Stock images for this tutorial
Full Size Screenshots
An easy way to add surface texture is to grab it from another image. A photo that shows the surface of a lake or ocean will work well for this tutorial. Once the sampled image is desaturated and blended with the reflection, it turns a glassy surface into a realistic reflection.
This tutorial turns a lawn into an undulating lake. In the real world, creating exactly the image you want usually requires the application of more than one effect, so let’s start by enhancing the colors in the original photo.
The image we’ll use in this tutorial is perfect for this kind of project. The building makes a dramatic focal point, and the grassy area in front is large enough to provide space for the lake. However, the color of the bricks could be more intense, so you’ll increase the color saturation before reflecting the image of the building. If the image you choose needs similar tweaks, it’s best to handle them now.
- First, auto-adjust the Levels histogram. Open the Levels dialog (ColorsLevels) and click the Auto button, then click OK to close the dialog.
- Next, open the Hue-Saturation dialog (ColorsHue-Saturation). Click the R button just below the red box at the top of the dialog so we only adjust the red colors in the image. Then increase the Saturation [image below shows “Lightness” at 75 – OK? The image is incorrect – Saturation should be set to 75. I'll provide an updated image.]to 75 to bring out the details in the building.
- Finally, open the Brightness-Contrast dialog (ColorsBrightness-Contrast) and set the Brightness to 30 and the Contrast to 25.
Creating the Initial Reflection
- Make a square selection around the subject—in this case, the building. Also, include some of the grassy area in front of the building. The selection covers from the top of the image to just below where the grass lawn meets the building. Copy the selection and paste it into a new layer, then click the layer name and change it to Reflection.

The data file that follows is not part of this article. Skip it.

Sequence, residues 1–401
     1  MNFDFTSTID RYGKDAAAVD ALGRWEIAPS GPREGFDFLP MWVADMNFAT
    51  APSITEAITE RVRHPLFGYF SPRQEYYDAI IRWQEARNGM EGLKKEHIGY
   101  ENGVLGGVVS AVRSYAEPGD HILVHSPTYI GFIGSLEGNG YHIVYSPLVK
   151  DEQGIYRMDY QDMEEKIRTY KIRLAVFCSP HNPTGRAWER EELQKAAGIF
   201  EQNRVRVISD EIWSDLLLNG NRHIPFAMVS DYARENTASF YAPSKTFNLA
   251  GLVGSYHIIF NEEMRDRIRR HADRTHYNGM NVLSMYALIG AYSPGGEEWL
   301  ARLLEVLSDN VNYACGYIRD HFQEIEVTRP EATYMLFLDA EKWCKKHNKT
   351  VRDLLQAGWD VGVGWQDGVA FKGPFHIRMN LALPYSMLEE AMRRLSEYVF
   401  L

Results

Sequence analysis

- Select the Flip tool from the toolbox. In the Tool Options dialog set the Flip Type to Vertical and click the canvas to flip the layer.
- Use the Move tool to drag the Reflection layer down on the canvas. If the Reflection layer does not span the width of the canvas, select the Scale tool, then click the canvas to scale the layer manually.
- To look realistic, the reflected image should be more blurred and less saturated than the original. Open the Hue-Saturation dialog (ColorsHue-Saturation) andclick the Master button. Reduce the Saturation level to –45 for this image (your project may require different settings).
- Open the Ripple filter (FiltersDistortsRipple). Set the Orientation to Vertical, the Edges to Smear, the Period to 60, and the Amplitude to 2, then apply this filter to the Reflection layer. Repeat this process with the Ripple filter once more, this time setting the Orientation to Horizontal, the Period to 7, and the Amplitude to 5. Applying the Ripple filter twice applies ripples to ripples, just as waves in water cause interference patterns.
- Open the Gaussian Blur filter (FiltersBlurGaussian Blur). Set both the Horizontal and Vertical Blur Radius to 10 pixels and apply the blur to the Reflection layer.
- Duplicate the layer (LayerDuplicate Layer). Name the layer Color.
- Click the foreground color box to open the Change Foreground Color dialog. For the dark blue shown here, set the RGB values to 5/24/83 and click OK. Then drag the foreground color into the layer. Finally, move the layer below the original Reflection layer and reduce the Opacity of the Reflection layer to 80 percent.
The Ripple filter makes the lake’s surface somewhat more realistic, but adding waves would improve the texture even more. To add waves, you can grab a selection from another photo.
- Make a selection in a photo of real water waves, then copy and paste it into a new layer named Water in the original project images. Use the Scale tool to scale the layer as necessary.
- Desaturate the Water layer (ColorsDesaturate).
- Open the Brightness-Contrast dialog (ColorsBrightness-Contrast) and set both sliders to 70. This will enhance the waves for use as a bump map. Turn off the visibility of the Water layer in the Layers dialog.
- Click on the Reflection layer in the Layers dialog to make it active.
- Open the Bump Map filter (FiltersMapBump Map). Set Bump Map to the Water layer, the Azimuth to 145, the Elevation to 20 and the Depth to 3. Click OK to apply this to the Reflection layer.
This particular image lends itself well to further enhancement. The high contrast between the building and the sky allows you to make changes to the weather, perhaps even changing a sunny day into a starlit evening. Try converting this image to a nighttime scene. The Fuzzy Select tool can be used to capture most of the sky, and what is missed can be picked up easily using the Quick Mask. But be warned: The lake reflection will need to be changed too!